Three Islamic extremists are facing lengthy prison sentences tonight after being found guilty of conspiring to kill hundreds of people in a terrorist bombing campaign.
They were members of an east London al Qaida-inspired terror cell that planned to detonate home-made bombs in attacks on British targets including Heathrow Airport, a jury at Woolwich Crown Court found.
But following a five-month trial the jurors failed to reach verdicts on prosecution claims that they were plotting an unprecedented wave of suicide bombings on transatlantic airliners.
The three - Abdulla Ahmed Ali, 27, Assad Sarwar, 28, and Tanvir Hussain, 27 - had already admitted planning a series of small-scale headline-grabbing bomb attacks.
But, by a majority of 10 to two, the jurors rejected their claims that they did not plan to kill or hurt anyone in the blasts.
The eight men and four women on the jury deliberated for 56 hours and nine minutes.
But they could not agree verdicts on whether another four Muslim men - Ibrahim Savant, 27, Arafat Waheed Khan, 27, Waheed Zaman, 24, and Umar Islam, 30 - were also involved in the conspiracy to murder.
All seven defendants earlier admitted conspiring to cause a public nuisance by distributing al Qaida-style videos threatening suicide attacks in Britain.
The Crown Prosecution Service (CPS) has until the end of this month to decide whether the men should face retrials on the counts on which the jurors could not reach verdicts.
An eighth man, Mohammed Gulzar, 27, was cleared on all charges.
The trial judge, Mr Justice Calvert-Smith, adjourned the case for sentencing at a later date.
He paid tribute to the jurors' efforts throughout the lengthy trial, describing them as a "unique bunch of 12 people", and released them from future jury service.
Ali - described by prosecutors as the plot's mastermind - was dressed casually in a beige zip-up fleece and looked calm as the foreman returned the verdicts.
The jury found that Ali, Sarwar and Hussain intended to murder people using an ingenious form of hydrogen peroxide liquid bomb disguised as a soft drink.
Prosecutors said his gang considered national infrastructure targets including gas terminals and oil refineries.
Evidence revealed that Canary Wharf, the Bacton gas terminal pipeline, various airports, the electricity grid and internet providers were studied.
Documents also referred to Coryton Oil Refinery, in south Essex, and Fawley Oil Refinery, in Hampshire, and Kingsbury Oil Refinery in Warwickshire.
Police said the plot was drawn up in Pakistan with detailed instructions passed to Ali during frequent trips to its lawless border with Afghanistan.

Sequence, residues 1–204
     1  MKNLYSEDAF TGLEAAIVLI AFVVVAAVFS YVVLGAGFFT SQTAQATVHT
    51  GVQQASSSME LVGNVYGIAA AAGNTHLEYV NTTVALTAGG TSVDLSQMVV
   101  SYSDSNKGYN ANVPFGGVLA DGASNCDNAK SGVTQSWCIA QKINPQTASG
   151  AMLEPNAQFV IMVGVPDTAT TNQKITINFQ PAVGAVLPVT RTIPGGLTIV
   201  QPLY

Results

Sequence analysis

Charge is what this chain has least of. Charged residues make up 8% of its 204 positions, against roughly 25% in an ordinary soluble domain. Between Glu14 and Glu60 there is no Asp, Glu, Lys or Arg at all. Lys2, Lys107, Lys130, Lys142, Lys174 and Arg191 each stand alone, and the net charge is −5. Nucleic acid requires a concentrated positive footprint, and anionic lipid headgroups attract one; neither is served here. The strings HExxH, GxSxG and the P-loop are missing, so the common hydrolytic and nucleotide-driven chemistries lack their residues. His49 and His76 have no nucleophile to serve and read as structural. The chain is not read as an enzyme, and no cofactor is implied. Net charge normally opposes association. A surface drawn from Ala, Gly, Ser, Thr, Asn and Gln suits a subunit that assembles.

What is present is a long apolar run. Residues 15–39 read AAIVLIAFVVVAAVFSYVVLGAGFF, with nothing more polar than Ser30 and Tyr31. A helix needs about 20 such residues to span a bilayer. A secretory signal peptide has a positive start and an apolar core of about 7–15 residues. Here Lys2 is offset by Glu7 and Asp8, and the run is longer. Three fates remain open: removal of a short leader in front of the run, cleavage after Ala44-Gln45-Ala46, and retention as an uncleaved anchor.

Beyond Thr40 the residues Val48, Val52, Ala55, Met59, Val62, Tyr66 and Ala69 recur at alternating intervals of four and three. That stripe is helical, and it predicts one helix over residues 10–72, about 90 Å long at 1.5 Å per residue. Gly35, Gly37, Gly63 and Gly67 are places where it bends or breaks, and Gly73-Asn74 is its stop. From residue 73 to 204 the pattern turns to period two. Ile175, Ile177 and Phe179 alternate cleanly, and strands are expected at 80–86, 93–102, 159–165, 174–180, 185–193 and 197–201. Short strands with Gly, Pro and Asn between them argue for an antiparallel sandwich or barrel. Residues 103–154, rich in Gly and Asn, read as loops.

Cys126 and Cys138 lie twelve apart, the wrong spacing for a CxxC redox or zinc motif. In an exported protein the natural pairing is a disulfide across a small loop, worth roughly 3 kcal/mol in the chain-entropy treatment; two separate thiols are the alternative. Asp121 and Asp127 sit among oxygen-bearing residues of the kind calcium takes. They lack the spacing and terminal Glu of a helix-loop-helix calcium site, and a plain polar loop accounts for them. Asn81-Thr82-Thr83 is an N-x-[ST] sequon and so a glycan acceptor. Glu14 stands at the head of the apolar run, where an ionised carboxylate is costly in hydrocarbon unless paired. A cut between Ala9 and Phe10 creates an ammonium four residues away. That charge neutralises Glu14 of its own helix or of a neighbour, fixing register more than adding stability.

They believe a mystery al Qaida bombmaker is responsible for the ingenious liquid bomb design concealed within 500ml Oasis or Lucozade bottles.
Surveillance teams watched Ali on his return to Britain as he assembled his terror cell, gathered materials and identified targets.
Undercover officers looked on as the unemployed former shop worker used cash to purchase a £138,000 second-floor flat in Forest Road, Walthamstow.
They planted a secret bug that revealed it was converted into a bomb factory where Ali met the others to construct the bombs.
The flat was also used as a location for Ali and his cell to record suicide videos threatening further attacks against the West.
In his video Ali warned the British public to expect "floods of martyr operations" that would leave body parts scattered in the streets.
Ali was watched as he used public phone boxes, mobile phones and anonymous email accounts to keep in touch with mystery terrorist godfathers in Pakistan.
On his arrest, he was found carrying an elaborate and damning blueprint for the plot scrawled in a battered pocket diary.
Airport security arrangements and details of flights, including the seven highlighted services, were discovered on a computer memory stick in another pocket.
But the jurors could not agree on verdicts on the prosecution's evidence that Ali intended to target passenger jets flying from London to major North American cities with suicide attacks. Tonight, the CPS said "the prosecution is considering a request for a retrial" with regard the accusations that jets were a target.
In his defence, Ali said he wanted to create an internet documentary protesting against British foreign policy in Iraq, Afghanistan and Lebanon.
He claimed the apparent suicide video, and those created by five of his co-defendants, were spoofs created to make the documentary more provocative.
Ali said the blasts would create a storm of media attention that would propel the video into the spotlight.
Ali said he, Sarwar and Hussain plotted to detonate a small device at Heathrow's terminal three because it is used by several American airlines.
He said the group, who rejected an attack on the House of Commons because of tight security, planned to leave devices on timers to create a disturbance.
Home Secretary Jacqui Smith welcomed the conclusion of the trial.
She said: "I am indebted to the Police and Security Services who, by successfully disrupting this group, have saved countless lives.
"I would also thank the Crown Prosecution Service, which has worked tirelessly to ensure that these individuals have been brought to justice.
"I am sure they will now consider what to do where no verdict was reached."
The CPS said in a statement: "This is still the subject of ongoing proceedings and the prosecution is considering a request for a retrial in respect of the plot to blow up airliners against all seven men upon which the jury could not agree."
The defendants addresses were: Ali, Prospect Hill, Walthamstow, east London; Sarwar, Walton Drive, High Wycombe, Buckinghamshire; Hussain, Nottingham Road, Leyton, east London; Gulzar, Priory Road, Barking, east London; Savant, Denver Road, Stoke Newington, north London; Khan, Farnan Avenue, Walthamstow; Zaman, Queen's Road, Walthamstow; and Islam, aka Brian Young, Bushey Road, Plaistow, east London.